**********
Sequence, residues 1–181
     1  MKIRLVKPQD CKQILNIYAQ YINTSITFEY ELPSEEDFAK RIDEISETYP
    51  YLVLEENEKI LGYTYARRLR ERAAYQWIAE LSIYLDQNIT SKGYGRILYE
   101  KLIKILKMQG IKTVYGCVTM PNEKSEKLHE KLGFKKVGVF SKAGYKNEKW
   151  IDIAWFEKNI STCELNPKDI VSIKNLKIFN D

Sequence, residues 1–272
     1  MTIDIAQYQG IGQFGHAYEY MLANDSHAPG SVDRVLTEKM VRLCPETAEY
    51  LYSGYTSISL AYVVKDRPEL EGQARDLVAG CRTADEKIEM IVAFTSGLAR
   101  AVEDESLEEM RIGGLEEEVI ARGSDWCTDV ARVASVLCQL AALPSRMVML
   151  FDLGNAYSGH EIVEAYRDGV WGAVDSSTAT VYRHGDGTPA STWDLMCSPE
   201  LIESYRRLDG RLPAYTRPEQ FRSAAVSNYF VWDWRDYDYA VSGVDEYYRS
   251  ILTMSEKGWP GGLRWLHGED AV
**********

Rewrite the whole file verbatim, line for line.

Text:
Sequence, residues 1–181
     1  MKIRLVKPQD CKQILNIYAQ YINTSITFEY ELPSEEDFAK RIDEISETYP
    51  YLVLEENEKI LGYTYARRLR ERAAYQWIAE LSIYLDQNIT SKGYGRILYE
   101  KLIKILKMQG IKTVYGCVTM PNEKSEKLHE KLGFKKVGVF SKAGYKNEKW
   151  IDIAWFEKNI STCELNPKDI VSIKNLKIFN D

Sequence, residues 1–272
     1  MTIDIAQYQG IGQFGHAYEY MLANDSHAPG SVDRVLTEKM VRLCPETAEY
    51  LYSGYTSISL AYVVKDRPEL EGQARDLVAG CRTADEKIEM IVAFTSGLAR
   101  AVEDESLEEM RIGGLEEEVI ARGSDWCTDV ARVASVLCQL AALPSRMVML
   151  FDLGNAYSGH EIVEAYRDGV WGAVDSSTAT VYRHGDGTPA STWDLMCSPE
   201  LIESYRRLDG RLPAYTRPEQ FRSAAVSNYF VWDWRDYDYA VSGVDEYYRS
   251  ILTMSEKGWP GGLRWLHGED AV